A consistent number at the CoUNTesses offices is 40.  That's 40% on average of representation of women artists in Australia's public and commercial galleries.  But CoUNTess noticed a couple of changing signs that inch our numbers closer towards equality in gender representation in the visual arts we thought we would share with you.  42 for now is the new 40.

First of all, we're pleased to see so many female artists represented by commercial galleries and getting some wall space at this this years Gallery Art Basel Hong Kong. In fact, 42% of the Australian galleries artists in the Hong Kong Basel Art Fair are women!

Diane Tanzer - Natasha Bieniek
Utopian Slumps - Jake Walker
Sullivan_Strumpf - Sam Leach, Tony Albert, Ex de Medici, Alex Seton
Tolarno Gallery - Anastasia Klose, Patricia Picinini, Ben Quilty
Jan Murphy Gallery - Danie Mellor
Murray White Room - Polly Borland, Anne-Marie May, Alasdair McLuckie, Aubry/Broquard
Anna Schwartz - Heman Chong, Angela de la Cruz
Roslyn Oxley9 - Daniel Boyd, Fiona Hall

CoUNTess has been keeping a running tab of art prizes over the last twelve months (but admits it is not an exhaustive range) but found have found changes here, too, in the land of art prizes with 42% of the 2013 winners being female artists!

While understanding the limits of magical thinking and the claim that 42 is the answer to the universe and everything, and remembering that Elvis did not live to see 43, CoUNTess believes that 42 is indeed a special number that we will be keeping our eye on.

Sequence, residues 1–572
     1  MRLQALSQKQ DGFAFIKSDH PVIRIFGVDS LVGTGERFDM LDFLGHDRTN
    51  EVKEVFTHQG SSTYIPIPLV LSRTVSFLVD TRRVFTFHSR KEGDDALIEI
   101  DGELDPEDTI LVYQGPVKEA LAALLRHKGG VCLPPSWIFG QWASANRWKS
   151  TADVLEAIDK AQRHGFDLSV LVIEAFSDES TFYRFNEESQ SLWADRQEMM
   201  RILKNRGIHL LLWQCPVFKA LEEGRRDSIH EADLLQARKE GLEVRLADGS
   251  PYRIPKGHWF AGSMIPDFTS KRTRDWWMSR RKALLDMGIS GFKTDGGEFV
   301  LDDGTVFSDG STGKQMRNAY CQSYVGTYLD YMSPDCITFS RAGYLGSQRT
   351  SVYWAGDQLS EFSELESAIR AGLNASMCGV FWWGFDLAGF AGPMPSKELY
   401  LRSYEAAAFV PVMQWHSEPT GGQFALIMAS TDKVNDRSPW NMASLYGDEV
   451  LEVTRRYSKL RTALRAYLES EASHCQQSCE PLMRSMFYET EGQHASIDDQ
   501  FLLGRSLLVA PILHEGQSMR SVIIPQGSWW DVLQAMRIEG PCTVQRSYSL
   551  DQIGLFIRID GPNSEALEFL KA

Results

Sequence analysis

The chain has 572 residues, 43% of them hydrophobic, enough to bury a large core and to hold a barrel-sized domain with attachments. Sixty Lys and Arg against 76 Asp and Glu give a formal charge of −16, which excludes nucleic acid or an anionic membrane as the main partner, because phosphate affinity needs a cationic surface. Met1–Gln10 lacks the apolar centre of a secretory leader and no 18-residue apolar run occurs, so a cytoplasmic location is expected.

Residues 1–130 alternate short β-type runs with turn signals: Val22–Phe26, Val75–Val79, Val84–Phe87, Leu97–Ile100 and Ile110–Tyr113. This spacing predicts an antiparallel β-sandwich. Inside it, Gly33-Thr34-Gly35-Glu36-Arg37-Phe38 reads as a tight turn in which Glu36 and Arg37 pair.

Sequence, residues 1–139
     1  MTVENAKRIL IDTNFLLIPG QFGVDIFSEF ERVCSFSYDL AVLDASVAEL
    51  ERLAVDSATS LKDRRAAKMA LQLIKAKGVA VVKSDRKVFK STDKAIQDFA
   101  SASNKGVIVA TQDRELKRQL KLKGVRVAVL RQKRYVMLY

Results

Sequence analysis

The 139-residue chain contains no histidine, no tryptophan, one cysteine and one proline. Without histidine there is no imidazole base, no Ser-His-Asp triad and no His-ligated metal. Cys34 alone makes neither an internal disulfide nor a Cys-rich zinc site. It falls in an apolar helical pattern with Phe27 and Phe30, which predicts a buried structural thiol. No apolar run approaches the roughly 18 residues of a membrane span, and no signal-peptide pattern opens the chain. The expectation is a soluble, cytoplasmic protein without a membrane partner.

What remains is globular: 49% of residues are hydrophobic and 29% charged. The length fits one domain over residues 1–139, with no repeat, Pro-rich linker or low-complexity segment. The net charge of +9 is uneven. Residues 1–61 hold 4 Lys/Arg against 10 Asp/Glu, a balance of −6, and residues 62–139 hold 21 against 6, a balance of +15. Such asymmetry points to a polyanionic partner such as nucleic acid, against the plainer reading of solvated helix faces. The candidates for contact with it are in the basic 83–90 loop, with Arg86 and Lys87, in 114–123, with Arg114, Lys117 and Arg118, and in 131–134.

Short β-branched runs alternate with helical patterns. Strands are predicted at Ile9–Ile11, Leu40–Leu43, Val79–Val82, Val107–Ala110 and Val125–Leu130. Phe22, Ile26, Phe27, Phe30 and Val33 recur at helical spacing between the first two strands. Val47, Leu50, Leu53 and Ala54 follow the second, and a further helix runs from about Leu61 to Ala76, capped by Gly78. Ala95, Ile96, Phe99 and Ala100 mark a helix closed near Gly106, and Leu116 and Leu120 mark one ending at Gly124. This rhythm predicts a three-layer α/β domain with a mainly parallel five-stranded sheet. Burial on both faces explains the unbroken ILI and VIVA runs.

Sunday, April 13, 2014

The 19th Biennale of Sydney 2014 : Imagine what you desire

The Biennale of Sydney established in 1973 has been curated by 4 women, 14 men and 1 collaborative team (m+f).

biennale of sydney curators
The 19th Biennale of Sydney - Imagine What You Desire is curated by Julianna Engberg and continues the curator's commitment to exhibiting women artists - a commitment established via her role as Artistic Director of ACCA for many years, where a high representation of women artists have been shown.  Engberg includes 38 female artists and 45 male artists in the 19th Biennale which shows a promising result and a steep improvement on previous years.

Gender Representation of Artists in the 19th Biennale of Sydney 2014

But while women are certainly participating in the 2014 Biennale in greater numbers, CoUNTess data-mining disappointingly uncovered a gender bias in the media and marketing around the exhibition/event.  

Catalogue cover = 1 male artist
Website links to Youtube video interviews with artists = 3 male artists, 1 collab duo (m+f)
Primary School education resource = 4 female artists, 11 male artists and 3 collab
Secondary School education resource = 10 female artists, 15 male artists, 5 collab

While the website also features a list of exhibitions in local commerical and public galleries. Selection for inclusion in this list is unclear - so CoUNTess counted a range of local Sydney contemporary art spaces to see what artists were on show.

* indicates gallery was holding two solo exhibitions